Chapter Four 1. See Henderson, “Symbolic Logic and the Logic of Symbolism.” 2. See the discussion of Las Meninas in Foucault, The Order of Things. 3. Anonymous review of Michael Faraday’s Experimental Researches in Chemistry and Physics published in the Athenaeum, 12 March 1859, cited in Gillian Beer, Alice in Space: The Sideways Victorian World of Lewis Carroll (Chicago: University of Chicago Press, 2016), 48. 4. Paul Livingston, The Politics of Logic: Badiou, Wittgenstein, and the Consequences of Formalism (New York: Routledge, 2014). 5. See, for example, Derrida, The Beast and the Sovereign; and, Michel Foucault, The Birth of Biopolitics: Lectures at the Collège de France, 1978 – 1979 (New York: Picador, 2008).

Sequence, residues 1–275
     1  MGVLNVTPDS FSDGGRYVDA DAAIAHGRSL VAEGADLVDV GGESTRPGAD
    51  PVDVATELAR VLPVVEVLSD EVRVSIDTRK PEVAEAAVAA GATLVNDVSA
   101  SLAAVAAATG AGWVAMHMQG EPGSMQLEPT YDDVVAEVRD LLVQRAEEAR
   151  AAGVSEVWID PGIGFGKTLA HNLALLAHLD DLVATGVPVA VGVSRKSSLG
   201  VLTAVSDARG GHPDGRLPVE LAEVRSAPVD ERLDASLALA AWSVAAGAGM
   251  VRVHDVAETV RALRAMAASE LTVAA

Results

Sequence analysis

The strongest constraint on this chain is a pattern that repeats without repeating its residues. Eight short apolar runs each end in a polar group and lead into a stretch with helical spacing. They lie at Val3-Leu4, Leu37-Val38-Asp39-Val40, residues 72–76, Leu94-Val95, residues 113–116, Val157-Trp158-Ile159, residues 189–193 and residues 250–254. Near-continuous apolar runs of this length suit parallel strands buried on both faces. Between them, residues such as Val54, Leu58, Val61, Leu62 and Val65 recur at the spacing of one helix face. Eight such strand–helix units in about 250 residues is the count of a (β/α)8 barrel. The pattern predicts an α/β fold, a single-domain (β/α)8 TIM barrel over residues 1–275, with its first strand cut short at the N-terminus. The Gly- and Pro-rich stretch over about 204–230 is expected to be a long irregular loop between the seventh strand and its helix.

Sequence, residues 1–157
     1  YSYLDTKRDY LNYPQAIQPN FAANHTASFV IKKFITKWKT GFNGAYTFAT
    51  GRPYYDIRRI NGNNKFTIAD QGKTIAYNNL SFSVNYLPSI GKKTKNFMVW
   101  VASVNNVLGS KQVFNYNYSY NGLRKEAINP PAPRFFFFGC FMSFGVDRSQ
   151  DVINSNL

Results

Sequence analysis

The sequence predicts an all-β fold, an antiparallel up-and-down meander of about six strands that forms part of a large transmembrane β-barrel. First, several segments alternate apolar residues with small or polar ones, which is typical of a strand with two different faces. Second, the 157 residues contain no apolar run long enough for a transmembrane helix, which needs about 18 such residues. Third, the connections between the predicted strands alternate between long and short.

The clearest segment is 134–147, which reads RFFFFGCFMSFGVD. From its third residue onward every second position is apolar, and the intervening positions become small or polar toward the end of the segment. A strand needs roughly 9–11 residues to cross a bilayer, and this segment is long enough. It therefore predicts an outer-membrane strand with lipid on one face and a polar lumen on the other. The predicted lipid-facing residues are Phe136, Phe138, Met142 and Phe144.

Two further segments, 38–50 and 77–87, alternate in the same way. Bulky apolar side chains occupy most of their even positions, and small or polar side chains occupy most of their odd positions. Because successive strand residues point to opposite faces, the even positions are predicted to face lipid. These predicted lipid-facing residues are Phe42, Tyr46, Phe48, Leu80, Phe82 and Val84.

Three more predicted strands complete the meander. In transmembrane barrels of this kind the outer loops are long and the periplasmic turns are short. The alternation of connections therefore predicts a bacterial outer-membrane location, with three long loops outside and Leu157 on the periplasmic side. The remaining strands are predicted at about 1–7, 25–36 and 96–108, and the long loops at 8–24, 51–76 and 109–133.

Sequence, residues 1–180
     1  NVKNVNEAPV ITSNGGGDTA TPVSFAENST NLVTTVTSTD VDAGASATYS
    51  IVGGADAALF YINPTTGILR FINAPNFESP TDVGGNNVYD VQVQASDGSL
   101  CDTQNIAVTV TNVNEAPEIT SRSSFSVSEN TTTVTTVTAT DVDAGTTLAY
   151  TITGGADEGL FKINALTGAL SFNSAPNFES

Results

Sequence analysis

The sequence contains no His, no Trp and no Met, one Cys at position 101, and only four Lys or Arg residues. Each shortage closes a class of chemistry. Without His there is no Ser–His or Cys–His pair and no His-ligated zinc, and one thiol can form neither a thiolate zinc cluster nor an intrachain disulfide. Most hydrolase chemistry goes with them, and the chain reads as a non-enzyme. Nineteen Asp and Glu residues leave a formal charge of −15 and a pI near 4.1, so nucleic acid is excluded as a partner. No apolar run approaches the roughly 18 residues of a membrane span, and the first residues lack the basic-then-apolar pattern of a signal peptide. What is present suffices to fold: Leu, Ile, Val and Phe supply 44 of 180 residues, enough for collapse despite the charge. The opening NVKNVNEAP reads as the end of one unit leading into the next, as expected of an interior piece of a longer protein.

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6. Lewis Carroll, Alice’s Adventures in Wonderland and Through the Looking-Glass, ed. Hugh Haughton (New York: Penguin Classics, 2003), 76. 7. Carroll, Alice’s Adventures in Wonderland and Through the Looking-Glass, 74. 8. Carroll, Alice’s Adventures in Wonderland and Through the Looking-Glass, 74. 9. Carroll, Alice’s Adventures in Wonderland and Through the Looking-Glass, 104. 10. For more on how Carroll’s play with mirrors and doors in his books evokes his photographic practice, see Brassai, “Carroll the Photographer” in Lewis Carroll: Photos and Letters to His Child Friends, trans. Warren Weaver, ed. Guido Almansi (Parma, Italy: Franco Maria Ricci, 1975), 188 – 98. 11. See, for example, Elizabeth Throesch, “Nonsense in the Fourth Dimension of Literature: Hyperspace Philosophy, the ‘New’ Mathematics, and the Alice Books,” in Alice beyond Wonderland: Essays for the Twenty-First Century, ed. Cristopher Hollingsworth (Iowa City: University of Iowa Press, 2009), 37– 52; Helena M. Pycior, “At the Intersection of Mathematics and Humor: Lewis Carroll’s ‘Alices’ and Symbolical Algebra,” Victorian Studies 28, no. 1 (1984): 149 – 70. 12. See Beer, Alice in Space (2016), and Robin Wilson, Lewis Carroll in Numberland: His Fantastical Mathematical Logical Life (New York: W. W. Norton, 2010), which is quite literally a list of mathematical scenes. 13. Carroll, Alice’s Adventures in Wonderland and Through the Looking-Glass, 85. 14. Nancy Armstrong’s interpretation of Wonderland as part of an industrial complex disseminating images of women as consumers and centralizing the female body in the economic relations of empire is the most notable political reading. See Nancy Armstrong, “Sexuality in the Age of Racism: Hungry Alice,” in Fiction in the Age of Photography (Cambridge, MA: Harvard University Press, 2002), 201– 43. 15. Kent Puckett, “Caucus-Racing,” Novel: A Forum on Fiction 47, no. 1 (2014): 13. 16. Hillary Chute, “Comics as Literature? Reading Graphic Narrative,” PMLA 123, no. 2 (2008): 454. 17. Chute, “Comics as Literature?,” 452. 18. Carroll, Alice’s Adventures in Wonderland and Through the Looking-Glass, 28. 19. Carroll, Alice’s Adventures in Wonderland and Through the Looking-Glass, 45. 20. Carroll, Alice’s Adventures in Wonderland and Through the Looking-Glass, 61. 21. Carroll, Alice’s Adventures in Wonderland and Through the Looking-Glass, 37. 22. He uses the phrase in reference to Wonderland in the Preface to Sylvie and Bruno (New York: Dover, 1988), xxxvi. 23. Carroll, Alice’s Adventures in Wonderland and Through the Looking-Glass, 64. 24. Nicholas Dames, “‘The People v. O. J. Simpson’ as Historical Fiction,” Public Books, 1 April 2016, http:// www.publicbooks.org/ the-people-v-o-j-simpson-as-historical-fiction /. 25. Carroll, Alice’s Adventures in Wonderland and Through the Looking-Glass, 108.